Senate Vote Clears Way to Reopen Government
The government shutdown was poised to end after members of the Senate were able to break their impasse over a new short-term spending bill after working through the weekend.
The Senate moved to end the three-day shutdown of the U.S. government after Democrats agreed to a deal that would buy almost three weeks’ time for Congress to resolve the disputes over spending and immigration that led to the closing.
The chamber agreed 81 to 18 to end debate, a procedural move that clears the way for a temporary funding plan through Feb. 8 — the culmination of days of deal making that unfolded as both parties traded blame for the government closure that began at 12:01 a.m. Saturday.
Senate Minority Leader Chuck Schumer said he and Senate Majority Leader Mitch McConnell had “come to an arrangement,” with Schumer saying he believed there was a “real pathway” to get a bill dealing with immigration on the floor of the Senate. But Monday’s bargain may only postpone debates that illustrate the deep divisions among the two parties, conservatives in the House and President Donald Trump.
For the shutdown to end, the House must also approve the bill and Trump must sign it as well.
House Majority Leader Kevin McCarthy of California told colleagues on Sunday that the chamber will take up whatever the Senate passes, according to a Republican House member. The measure likely will clear the House, the lawmaker said.
Still, Speaker Paul Ryan has promised House Republicans that they will not be bound by any arrangement reached in the Senate on immigration to reopen the government, House Freedom Caucus Chairman Mark Meadows and Representative Doug Collins of Georgia said on Sunday.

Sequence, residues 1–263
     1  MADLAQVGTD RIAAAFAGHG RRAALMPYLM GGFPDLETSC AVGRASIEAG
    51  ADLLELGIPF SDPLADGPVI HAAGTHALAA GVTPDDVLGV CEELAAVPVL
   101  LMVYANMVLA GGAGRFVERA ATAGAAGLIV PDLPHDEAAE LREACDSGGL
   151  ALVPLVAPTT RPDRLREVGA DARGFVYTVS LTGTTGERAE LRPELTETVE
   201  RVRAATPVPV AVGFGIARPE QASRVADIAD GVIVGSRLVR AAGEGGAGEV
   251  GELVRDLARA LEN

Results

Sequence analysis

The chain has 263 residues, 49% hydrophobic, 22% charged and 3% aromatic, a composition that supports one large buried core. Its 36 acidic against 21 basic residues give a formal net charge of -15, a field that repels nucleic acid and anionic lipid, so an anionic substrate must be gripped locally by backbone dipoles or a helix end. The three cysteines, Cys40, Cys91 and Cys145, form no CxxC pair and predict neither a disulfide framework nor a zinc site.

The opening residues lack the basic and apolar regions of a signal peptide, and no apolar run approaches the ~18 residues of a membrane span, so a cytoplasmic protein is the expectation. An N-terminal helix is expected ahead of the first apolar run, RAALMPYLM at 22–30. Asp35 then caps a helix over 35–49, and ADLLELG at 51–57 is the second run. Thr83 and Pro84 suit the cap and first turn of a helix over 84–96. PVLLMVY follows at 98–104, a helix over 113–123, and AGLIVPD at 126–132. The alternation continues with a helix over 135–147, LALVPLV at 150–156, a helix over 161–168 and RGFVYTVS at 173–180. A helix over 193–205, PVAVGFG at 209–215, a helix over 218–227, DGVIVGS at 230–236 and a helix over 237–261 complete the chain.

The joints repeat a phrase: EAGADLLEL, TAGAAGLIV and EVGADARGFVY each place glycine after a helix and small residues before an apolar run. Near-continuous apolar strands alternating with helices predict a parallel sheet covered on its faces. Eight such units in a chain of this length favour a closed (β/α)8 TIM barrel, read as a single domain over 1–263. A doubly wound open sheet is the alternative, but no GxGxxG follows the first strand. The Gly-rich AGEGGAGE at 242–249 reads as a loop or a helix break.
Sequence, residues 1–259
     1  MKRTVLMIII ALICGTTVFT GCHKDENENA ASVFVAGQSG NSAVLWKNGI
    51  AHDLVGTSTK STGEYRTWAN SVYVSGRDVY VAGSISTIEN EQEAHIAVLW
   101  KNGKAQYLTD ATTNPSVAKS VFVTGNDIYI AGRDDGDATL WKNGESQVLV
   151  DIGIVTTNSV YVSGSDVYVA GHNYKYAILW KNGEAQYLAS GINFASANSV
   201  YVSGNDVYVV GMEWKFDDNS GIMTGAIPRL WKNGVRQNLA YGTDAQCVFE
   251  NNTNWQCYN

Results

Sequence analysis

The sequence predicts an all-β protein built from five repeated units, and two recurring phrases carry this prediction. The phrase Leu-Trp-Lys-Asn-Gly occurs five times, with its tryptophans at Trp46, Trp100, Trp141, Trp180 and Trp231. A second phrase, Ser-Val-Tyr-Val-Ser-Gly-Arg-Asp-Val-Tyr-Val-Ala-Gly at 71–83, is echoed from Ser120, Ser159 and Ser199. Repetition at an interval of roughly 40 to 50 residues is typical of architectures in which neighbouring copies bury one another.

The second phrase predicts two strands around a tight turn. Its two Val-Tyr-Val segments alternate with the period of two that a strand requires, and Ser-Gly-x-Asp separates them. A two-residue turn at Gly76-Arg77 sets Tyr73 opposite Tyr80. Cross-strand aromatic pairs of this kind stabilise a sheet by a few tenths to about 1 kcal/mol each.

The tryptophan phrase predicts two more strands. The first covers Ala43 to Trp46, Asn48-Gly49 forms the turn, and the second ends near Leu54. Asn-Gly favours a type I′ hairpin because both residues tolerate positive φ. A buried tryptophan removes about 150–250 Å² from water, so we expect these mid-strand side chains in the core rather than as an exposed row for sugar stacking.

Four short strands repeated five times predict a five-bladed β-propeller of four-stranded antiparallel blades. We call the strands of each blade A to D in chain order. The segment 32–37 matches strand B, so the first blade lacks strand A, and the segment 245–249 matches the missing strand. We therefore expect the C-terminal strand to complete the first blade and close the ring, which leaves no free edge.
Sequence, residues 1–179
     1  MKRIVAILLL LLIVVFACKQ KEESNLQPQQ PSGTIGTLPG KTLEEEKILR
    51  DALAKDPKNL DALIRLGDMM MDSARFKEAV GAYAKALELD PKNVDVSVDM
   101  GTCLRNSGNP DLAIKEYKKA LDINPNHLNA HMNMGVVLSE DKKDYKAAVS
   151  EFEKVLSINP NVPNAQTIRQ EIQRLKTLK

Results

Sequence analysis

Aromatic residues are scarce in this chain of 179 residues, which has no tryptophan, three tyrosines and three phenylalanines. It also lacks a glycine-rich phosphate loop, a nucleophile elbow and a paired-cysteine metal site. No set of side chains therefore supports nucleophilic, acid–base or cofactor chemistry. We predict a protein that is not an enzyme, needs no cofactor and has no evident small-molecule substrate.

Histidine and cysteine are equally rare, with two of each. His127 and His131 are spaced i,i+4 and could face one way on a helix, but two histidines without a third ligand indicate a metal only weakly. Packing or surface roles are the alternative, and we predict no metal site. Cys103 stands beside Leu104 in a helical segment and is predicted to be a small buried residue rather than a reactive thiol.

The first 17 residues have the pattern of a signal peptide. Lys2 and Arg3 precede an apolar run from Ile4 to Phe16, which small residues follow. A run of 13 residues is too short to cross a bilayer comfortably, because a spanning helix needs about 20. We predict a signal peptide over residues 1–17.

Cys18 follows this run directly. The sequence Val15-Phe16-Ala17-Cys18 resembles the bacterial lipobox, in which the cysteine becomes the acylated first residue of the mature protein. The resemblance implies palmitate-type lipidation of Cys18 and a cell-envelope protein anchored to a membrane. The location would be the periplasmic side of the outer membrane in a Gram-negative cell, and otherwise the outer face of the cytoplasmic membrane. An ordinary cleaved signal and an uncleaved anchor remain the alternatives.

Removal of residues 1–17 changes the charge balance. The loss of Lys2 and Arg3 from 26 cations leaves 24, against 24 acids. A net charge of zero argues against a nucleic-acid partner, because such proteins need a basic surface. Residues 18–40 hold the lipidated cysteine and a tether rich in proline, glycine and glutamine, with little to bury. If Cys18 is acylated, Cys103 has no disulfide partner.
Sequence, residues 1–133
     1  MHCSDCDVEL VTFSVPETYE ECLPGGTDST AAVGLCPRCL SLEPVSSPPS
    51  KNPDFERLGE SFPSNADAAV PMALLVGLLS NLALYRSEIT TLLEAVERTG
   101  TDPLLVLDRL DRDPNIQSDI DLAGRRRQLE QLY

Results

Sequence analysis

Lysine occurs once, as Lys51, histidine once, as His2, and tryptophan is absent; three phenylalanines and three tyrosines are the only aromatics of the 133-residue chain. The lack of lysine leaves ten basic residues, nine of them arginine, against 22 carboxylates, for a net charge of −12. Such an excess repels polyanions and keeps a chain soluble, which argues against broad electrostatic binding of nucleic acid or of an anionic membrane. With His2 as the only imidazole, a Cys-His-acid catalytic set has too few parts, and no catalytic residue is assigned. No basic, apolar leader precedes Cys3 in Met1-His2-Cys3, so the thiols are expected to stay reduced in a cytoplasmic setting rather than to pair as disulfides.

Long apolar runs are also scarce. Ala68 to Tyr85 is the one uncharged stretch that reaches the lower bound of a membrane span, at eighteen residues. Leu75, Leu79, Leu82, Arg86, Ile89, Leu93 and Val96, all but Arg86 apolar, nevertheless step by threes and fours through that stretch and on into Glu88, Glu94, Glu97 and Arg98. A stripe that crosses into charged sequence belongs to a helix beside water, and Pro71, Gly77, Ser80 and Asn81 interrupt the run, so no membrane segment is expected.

Senate Democrats, who had sought firmer guarantees from McConnell on immigration, were initially reluctant to accept his terms. Democrats, and some Republicans, wanted language protecting people in the Deferred Action for Childhood Arrivals, or DACA, program, as part of the spending bill to ensure it became law. Some Republicans have opposed such a move, calling it amnesty.
Trump decided in September to end an Obama-era initiative that shielded them from deportation, effective in March, although he said Congress should act to protect them. The U.S. counts 690,000 people currently enrolled in DACA.
The White House had refused to negotiate over immigration, one of the Democrats’ central issues, while the government remained closed. Trump blamed Schumer for the shutdown.
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